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Reviews

Yellow Dog Linux 2.0

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One of the nice things about Linux is that it’s not limited to one hardware platform. Mac users who want to give Linux a shot don’t have to run out and buy an x86 machine; they can simply put their Apple on double-duty.

One Linux distro for PowerPC machines is Yellow Dog Linux (YDL). Yellow Dog is a Red Hat-based distribution for the PPC architecture that has its own GUI installer and administration tools.

We installed YDL on an iMac DV with 256 MB of RAM. To install Yellow Dog on a Mac with only one hard disk, you’ll need to make a complete backup, reformat and reinstall your MacOS (if you want to keep it), and then install Yellow Dog. The entire process will take you at least two to three hours.

Installation

Thankfully, Yellow Dog had no problem with the Logitech mouse and Microsoft Natural keyboard attached to our Mac. The GUI installer is fairly intuitive, though Mac users will probably find it a bit more complicated than the MacOS install.

Yellow Dog comes with two software CDs and one CD of source code. It comes with most of the programs that you know and love on x86 Linux, though we were surprised to find that the default Home/Office install doesn’t include the GIMP.

However, since the GIMP wasn’t installed, we had a perfect excuse to try out the Yellow Dog Update Program (YUP). All we had to do to download and install the GIMP was type yup installgimp, and a few minutes later we were good to go. YUP also performs system updates as well, which makes keeping current very easy.

Mac-On-Linux

Don’t want to give up your Mac programs? No problem. Yellow Dog comes with Mac-On-Linux (MOL), a program which allows the MacOS to run under Linux. Mac-On-Linux isn’t too difficult to set up and it’s part of the default Home/Office installation. However, the instructions that come with the Yellow Dog install manual are slightly inaccurate and very unclear. While an experienced Linux user will be able to troubleshoot this, a Mac user who wishes to convert to Linux will probably get very frustrated. There are some specific HOWTOs on the Terra Soft Web site.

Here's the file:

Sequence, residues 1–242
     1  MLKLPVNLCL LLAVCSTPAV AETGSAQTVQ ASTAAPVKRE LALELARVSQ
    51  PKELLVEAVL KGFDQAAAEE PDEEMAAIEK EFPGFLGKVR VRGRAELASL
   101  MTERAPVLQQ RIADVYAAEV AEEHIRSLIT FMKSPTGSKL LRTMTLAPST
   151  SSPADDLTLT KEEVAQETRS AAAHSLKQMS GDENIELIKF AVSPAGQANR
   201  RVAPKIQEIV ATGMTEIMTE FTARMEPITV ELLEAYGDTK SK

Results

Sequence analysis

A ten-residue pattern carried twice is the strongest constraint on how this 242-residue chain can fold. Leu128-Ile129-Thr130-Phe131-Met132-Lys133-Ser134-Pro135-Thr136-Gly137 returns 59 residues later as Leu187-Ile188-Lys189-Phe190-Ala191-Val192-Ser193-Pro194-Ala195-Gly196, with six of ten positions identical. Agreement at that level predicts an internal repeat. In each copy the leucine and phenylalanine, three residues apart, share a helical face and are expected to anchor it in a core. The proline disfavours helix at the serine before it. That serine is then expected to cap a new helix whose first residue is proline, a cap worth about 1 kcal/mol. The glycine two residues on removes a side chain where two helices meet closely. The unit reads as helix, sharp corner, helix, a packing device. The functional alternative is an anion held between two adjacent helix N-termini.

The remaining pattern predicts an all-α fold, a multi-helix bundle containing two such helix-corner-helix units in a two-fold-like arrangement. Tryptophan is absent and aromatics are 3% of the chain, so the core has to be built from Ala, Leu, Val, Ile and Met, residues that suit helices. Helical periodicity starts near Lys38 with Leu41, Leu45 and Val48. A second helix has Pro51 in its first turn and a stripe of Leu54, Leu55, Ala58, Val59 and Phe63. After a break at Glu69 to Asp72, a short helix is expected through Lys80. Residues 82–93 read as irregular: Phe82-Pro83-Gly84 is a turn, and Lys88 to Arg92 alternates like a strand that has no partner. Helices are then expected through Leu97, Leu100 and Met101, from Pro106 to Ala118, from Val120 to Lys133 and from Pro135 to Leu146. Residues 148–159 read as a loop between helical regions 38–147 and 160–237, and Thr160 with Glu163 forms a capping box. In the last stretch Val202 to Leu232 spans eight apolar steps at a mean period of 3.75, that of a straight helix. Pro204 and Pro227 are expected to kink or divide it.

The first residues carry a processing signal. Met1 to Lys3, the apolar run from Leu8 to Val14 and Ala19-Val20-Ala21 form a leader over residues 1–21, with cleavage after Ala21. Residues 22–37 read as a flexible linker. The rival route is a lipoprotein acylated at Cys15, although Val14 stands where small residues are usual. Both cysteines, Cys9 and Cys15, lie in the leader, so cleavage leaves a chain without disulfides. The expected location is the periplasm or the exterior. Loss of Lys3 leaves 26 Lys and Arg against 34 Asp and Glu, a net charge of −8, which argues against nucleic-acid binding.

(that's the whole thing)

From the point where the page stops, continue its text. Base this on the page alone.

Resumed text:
The default kernel for YDL is the 2.2.19 kernel, though a 2.4.4 kernel is also included for those who want to live on the edge. KDE 2.1 and GNOME 1.2 are included, and YDL comes with five database packages.

We really like that Terra Soft offers YDL with or without support. While the $30 price difference might sound like a lot, if you’re having trouble getting the distro installed, the support is worth the extra money. By the same token, Linux gurus who want to run Linux on the Mac don’t have to pay for something they’ll never use.

The only thing we weren’t impressed with is the YDL manual. It’s short, skimpy, and doesn’t provide newbies with even a clue of what to do after Linux is installed. We hope that Terra Soft will produce a more detailed manual for future versions.

Bottom Line

Yellow Dog is a faithful pooch that will have your Mac doing Linux tricks in short order. We give it a big thumbs-up for anyone with a Mac and a hankering for Linux.

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